On Friday, Mayweather will begin serving a 90-day jail sentence in the Clark County Detention Center in Las Vegas as the result of a Dec. 21 guilty plea to a charge of misdemeanor battery domestic violence and no contest on two counts of harassment.
Mayweather, who turns 35 in February, was also ordered to pay a $2,500 fine, to complete 100 hours of community service and to undergo 12 months of treatment in a domestic violence program for a situation that stems from an argument involving Mayweather’s ex-girlfriend and two of their children last September.
Johnson can relate to Mayweather’s problem. The Washington, D.C., native, who was recently elected into the International Boxing Hall of Fame, was the reigning IBF junior bantamweight titleholder in January of 2000 when he began serving an 11-month sentence that resulted from an altercation with his then-wife and the mother of two of his children.
Yet Johnson finished a Hall of Fame career with a mark of 44-5 that included 28 knockouts despite being ducked by standout fighters of his day from 108 to 115 pounds, such as Johnny Tapia, Danny Romero, Humberto Gonzalez and Michael Carbajal.
“I was still the IBF 115-pound champ, so that was a big source of frustration for me,” said Johnson, who was ranked as high as No. 3 in the sport’s pound-for-pound ratings at one time in his career, which ended in February of 2006.
“At that time, of course, right then and there, I was still trying to make the best fights possible that were there for me to be able to move forward. It was sort of just like Floyd is right now during this critical point of his career.”
Rated No. 2-pound-for-pound by THE RING, Mayweather (42-0, 26 knockouts) scored a fourth-round knockout of Victor Ortiz in September that earned him the WBC’s welterweight title belt.
But Mayweather’s impending incarceration all-but foils his targeted date of May 5 for a return to the ring at the MGM Grand against an opponent to be determined. That rival was meant to be RING No. 1-rated pound-for-pound WBO welterweight beltholder Manny Pacquiao.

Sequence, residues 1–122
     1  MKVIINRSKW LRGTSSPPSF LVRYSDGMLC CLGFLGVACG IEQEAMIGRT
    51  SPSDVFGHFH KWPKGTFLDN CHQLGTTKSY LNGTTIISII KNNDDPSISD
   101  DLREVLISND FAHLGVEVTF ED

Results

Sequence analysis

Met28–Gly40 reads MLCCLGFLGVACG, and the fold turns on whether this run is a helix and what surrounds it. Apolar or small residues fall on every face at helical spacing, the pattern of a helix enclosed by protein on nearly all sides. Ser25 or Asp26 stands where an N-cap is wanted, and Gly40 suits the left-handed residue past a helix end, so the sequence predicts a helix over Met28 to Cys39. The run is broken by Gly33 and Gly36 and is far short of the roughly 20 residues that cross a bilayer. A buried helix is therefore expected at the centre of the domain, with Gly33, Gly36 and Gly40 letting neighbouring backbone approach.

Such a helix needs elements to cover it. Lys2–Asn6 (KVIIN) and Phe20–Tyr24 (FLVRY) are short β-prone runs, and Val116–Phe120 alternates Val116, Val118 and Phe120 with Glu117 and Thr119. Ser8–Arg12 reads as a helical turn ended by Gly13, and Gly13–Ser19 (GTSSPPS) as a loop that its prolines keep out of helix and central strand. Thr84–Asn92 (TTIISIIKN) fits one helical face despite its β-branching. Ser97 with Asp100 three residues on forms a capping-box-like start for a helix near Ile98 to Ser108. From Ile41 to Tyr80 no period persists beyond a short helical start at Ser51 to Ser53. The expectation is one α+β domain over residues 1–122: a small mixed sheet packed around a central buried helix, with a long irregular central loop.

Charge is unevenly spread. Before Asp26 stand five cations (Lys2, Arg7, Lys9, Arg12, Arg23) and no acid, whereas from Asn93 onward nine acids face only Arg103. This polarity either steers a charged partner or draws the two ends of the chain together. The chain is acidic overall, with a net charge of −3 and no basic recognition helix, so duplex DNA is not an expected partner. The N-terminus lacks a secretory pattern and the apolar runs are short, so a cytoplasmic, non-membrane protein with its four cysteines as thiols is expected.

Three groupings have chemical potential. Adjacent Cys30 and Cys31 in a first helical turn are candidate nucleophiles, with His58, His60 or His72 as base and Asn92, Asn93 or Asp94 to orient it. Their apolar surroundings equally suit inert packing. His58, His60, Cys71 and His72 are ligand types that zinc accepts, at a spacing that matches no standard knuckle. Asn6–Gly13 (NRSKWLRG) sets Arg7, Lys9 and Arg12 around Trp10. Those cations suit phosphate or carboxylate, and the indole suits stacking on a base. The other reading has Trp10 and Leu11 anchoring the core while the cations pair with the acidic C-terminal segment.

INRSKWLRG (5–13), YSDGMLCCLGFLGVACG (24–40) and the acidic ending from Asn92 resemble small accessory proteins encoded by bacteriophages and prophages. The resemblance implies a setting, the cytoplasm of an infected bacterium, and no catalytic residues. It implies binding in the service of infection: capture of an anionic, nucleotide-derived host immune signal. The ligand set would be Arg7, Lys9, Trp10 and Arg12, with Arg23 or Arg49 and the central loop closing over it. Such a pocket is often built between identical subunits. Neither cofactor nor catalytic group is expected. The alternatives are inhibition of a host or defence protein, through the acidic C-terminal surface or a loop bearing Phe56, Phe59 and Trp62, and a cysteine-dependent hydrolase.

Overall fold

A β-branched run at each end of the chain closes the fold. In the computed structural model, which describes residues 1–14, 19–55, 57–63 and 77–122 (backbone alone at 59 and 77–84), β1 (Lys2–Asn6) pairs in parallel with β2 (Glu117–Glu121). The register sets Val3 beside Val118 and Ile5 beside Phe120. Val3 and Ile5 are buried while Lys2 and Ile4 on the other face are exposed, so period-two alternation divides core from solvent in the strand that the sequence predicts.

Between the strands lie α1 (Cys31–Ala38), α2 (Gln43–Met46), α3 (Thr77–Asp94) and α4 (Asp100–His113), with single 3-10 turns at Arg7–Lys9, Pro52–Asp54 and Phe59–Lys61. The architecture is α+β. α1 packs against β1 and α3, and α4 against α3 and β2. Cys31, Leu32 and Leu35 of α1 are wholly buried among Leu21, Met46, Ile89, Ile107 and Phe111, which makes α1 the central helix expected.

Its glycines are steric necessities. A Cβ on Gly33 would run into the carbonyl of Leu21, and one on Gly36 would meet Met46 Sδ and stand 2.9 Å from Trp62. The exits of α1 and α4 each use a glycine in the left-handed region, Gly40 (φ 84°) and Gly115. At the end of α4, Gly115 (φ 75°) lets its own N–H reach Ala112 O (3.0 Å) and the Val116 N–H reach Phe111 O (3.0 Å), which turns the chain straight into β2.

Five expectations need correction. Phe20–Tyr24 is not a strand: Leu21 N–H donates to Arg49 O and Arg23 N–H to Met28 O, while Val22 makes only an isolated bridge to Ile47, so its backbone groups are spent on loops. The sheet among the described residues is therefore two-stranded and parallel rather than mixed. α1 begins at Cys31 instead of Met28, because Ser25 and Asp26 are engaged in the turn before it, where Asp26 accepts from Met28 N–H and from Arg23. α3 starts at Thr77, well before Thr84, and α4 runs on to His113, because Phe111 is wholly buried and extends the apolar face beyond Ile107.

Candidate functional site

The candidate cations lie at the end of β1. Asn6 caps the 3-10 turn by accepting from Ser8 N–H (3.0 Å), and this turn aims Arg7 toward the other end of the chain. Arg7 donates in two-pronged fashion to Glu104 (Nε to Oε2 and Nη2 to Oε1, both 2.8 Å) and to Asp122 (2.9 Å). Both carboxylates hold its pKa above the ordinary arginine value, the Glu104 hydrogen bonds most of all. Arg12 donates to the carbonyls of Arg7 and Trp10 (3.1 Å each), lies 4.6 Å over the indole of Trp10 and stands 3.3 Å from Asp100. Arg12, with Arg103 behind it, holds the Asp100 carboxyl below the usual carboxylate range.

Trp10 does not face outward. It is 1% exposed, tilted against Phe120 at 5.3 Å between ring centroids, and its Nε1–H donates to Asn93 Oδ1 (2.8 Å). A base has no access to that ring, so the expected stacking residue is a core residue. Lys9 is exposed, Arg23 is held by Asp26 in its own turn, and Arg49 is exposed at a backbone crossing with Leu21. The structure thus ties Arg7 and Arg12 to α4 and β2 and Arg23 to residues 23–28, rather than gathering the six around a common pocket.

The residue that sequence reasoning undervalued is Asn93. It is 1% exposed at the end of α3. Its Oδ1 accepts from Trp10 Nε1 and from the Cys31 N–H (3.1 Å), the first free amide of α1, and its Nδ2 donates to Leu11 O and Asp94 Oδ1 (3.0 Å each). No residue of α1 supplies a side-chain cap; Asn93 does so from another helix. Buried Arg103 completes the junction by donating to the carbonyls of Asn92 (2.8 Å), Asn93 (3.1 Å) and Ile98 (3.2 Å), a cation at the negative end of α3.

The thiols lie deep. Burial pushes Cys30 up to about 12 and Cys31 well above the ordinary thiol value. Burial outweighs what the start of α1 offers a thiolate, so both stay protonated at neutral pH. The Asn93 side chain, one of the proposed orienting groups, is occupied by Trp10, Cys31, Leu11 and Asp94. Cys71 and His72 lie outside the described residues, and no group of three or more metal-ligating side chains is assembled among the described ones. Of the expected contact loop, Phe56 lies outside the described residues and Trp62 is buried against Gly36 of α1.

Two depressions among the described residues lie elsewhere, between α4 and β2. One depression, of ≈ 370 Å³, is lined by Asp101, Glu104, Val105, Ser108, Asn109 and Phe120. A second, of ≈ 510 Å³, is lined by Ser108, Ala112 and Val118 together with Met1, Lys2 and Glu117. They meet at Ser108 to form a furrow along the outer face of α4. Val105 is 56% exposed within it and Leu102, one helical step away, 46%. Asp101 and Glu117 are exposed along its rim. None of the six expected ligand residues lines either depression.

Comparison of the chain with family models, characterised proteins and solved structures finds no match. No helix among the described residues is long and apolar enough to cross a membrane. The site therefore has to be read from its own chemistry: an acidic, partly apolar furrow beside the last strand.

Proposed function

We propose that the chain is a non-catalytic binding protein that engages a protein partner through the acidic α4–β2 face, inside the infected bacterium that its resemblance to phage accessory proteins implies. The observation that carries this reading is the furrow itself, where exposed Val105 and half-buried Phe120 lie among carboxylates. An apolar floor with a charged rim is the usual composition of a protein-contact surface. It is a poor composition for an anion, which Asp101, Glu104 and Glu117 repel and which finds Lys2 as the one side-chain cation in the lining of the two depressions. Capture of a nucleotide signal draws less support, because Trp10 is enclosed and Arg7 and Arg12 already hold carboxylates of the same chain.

Given the extent of Mayweather’s sentence, there is a significant question as to whether or not Mayweather will even be licensed by the Nevada State Athletic Commision’s five-member committee, let alone, if he will even have time enough to begin training for a fight on that date.
But Johnson is among those who do not believe that Mayweather’s imprisonment spells the end of his career.
“The first thing that I would tell Floyd is to go in there and to stay focused. You only have 90 days. Work out when you can work out. I worked out all the time. Monday through Friday. I excercised Monday through Friday,” said Johnson, who works nowadays with at-risk youth.
“I think Floyd Mayweather needs to say to himself, ‘You know, I think that I can go in there and get this over with, come out and make the biggest fights possible,’ you know? Whatever fights that may be.”
In May of 1996, Johnson dethroned IBF titleholder Francisco Tejedor by first-round knockout to become boxing’s first black flyweight titleholder, this, thanks to his dazzling speed, uncommon punching power for his size and an uncanny ability to deliver accurate blows from an array of angles.
Johnson defended that crown seven times until April 1999, when he rose to win the IBF’s junior bantamweight crown with a unanimous decision over Ratanachai Sor Vorapin.